The Labour Party and Māori

Not an exhaustive list but remember that time when:

  • Helen Clarke rammed through legislation so that Māori couldn’t test customary title claims to the Foreshore and Seabed resulting in the Hikoi
  • Annette King then Minister of Police, organised Operation 8 culminating in the lock down of Ruatoki and the detainment of the entire community, including the holding of children at gunpoint
  • Trevor Mallard tried to claim that he and in fact all New Zealand descendents of early settlers are Indigenous (that was around the time of the Foreshore and Seabed Act
  • Labour refused to sign the United Nations Declaration on the Rights of Indigenous Peoples (UNDRIP) and rejected the government signing it in 2010
  • David Cunliffe explicitly questioned the ‘mental health’ of a Māori protester for the act of protesting not long after he had proclaimed the Labour Party to be the Māori party
  • Labour ruled out working closely, i.e. constructively with either MANA or the Māori Party should they be in a position to form the next government

Lastly, remember how:

Oh, if you don’t remember that, it’s because it just happened. Don’t forget that next time you think that Labour have the aspirations of Māori at the forefront of their policy. Two Māori, two Pasifika and 13 Pākehā representatives comprise the top 17 list placings. Also, note that there are fewer women now down to five from seven.

To be honest, I was surprised that there wasn’t a greater Māori presence in Labour’s front bench line-up. But I’m not sure why given the tenuous history between Labour and it’s seemingly consistent attitude toward Māori. It’s not just a slap in the face for Māori. It’s also a kicker for those Labour Party supporters who have been active advocates for Māori and other marginalised groups. Additionally, if this is the team the executive believe can bring Labour out of destruction mode then it should serve as a warning to Māori that mutual reciprocity of support is not exactly forthcoming.[1]

 

[1] Note, the National Party and the Greens (the other two bigger parties), are not largely different in terms of Māori representation in their top 17 places. There are three Māori in National’s top 17 and four in the Greens. Although to be fair to the Greens they also have a history of advocacy for Māori that shouldn’t be ignored.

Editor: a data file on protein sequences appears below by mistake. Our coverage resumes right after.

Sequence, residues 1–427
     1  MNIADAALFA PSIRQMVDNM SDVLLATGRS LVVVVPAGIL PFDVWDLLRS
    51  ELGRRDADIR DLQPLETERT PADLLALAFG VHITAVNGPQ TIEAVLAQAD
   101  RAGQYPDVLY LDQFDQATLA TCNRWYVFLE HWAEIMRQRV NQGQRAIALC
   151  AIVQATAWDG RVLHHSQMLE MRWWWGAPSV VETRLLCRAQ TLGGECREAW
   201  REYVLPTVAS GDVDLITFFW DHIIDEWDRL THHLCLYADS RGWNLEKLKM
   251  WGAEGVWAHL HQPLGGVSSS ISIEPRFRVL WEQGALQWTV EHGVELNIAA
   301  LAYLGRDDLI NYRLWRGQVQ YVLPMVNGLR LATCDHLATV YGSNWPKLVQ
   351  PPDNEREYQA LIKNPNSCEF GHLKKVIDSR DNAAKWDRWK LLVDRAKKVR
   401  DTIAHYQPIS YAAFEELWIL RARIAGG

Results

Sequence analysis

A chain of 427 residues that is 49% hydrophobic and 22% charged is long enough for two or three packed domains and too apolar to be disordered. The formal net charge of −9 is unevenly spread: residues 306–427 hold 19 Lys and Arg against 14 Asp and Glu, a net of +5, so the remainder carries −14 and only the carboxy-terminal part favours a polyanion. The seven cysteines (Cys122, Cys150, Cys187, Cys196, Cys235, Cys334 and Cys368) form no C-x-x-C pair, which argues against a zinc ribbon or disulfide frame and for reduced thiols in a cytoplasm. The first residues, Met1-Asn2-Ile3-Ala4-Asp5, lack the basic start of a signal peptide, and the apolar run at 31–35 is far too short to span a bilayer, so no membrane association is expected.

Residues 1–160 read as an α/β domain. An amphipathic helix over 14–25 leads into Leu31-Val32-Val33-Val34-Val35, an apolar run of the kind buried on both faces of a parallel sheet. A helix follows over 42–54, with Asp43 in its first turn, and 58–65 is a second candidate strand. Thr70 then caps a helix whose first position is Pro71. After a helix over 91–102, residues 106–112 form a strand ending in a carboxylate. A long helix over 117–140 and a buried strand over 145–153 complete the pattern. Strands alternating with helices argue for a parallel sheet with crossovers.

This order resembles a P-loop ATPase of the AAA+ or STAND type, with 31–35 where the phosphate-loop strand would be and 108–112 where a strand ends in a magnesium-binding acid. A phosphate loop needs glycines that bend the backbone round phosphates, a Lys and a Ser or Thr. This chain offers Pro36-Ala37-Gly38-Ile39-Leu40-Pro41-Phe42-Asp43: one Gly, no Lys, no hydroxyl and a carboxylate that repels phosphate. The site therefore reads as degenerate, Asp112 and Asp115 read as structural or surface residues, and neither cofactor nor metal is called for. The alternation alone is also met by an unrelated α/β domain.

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3 comments

  1. I understand some of the thinking behind this. Labour does need to do better and does need to do more to atone for the Foreshore and Seabed Bill. But I think a lot of this is pretty unfair.

    Firstly, 25% of Labour Party’s front bench are Maori (2/8). True, there is a noticeable lack of of Maori MPs in the remaining top 17(in the top 17 it is 12%). That is partly a reflection of the lack of experience of the new MPs. Meka, Peeni and Adrian are newbies and get some time to prove themselves before being promoted. Rino is also pretty new and is not a top-performer either.

    So Andrew has done okay with the caucus he has I think.

    I also want to take issue with some of the points you have made:

    * “Annette King then Minister of Police, organised Operation”. That is a ridiculous statement. The Minister of Police does not “organise” any Police operation, which would be an obvious violation of the independence of the Police. She would have had no say in the operation. She apologised for it and says we need legislation to prevent it from happening in the future.

    * The signing of the UN Declaration on the Right of Indigeous Peoples was more complicated than you are implying. There were difficult negotiations leading up to it. National’s position – which is that they can sign it, because who cares it isn’t binding anyway – is not better than Labour’s position – which was to take the wording of the declaration more seriously. It is not a sign that Labour does not take indigeous rights less seriously, it’s quite the opposite.

    I think it is wrong to pick out the few things Labour has done wrong (with the major one being the Foreshore and Seabed legislation, which ultimately is indefensible) and ignore everything Labour has done, which includes the Waitangi Tribunal and Maori TV etc. Obviously they can’t rest on their laurels, but if we are talking history.

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    1. Thanks for your comments Rose.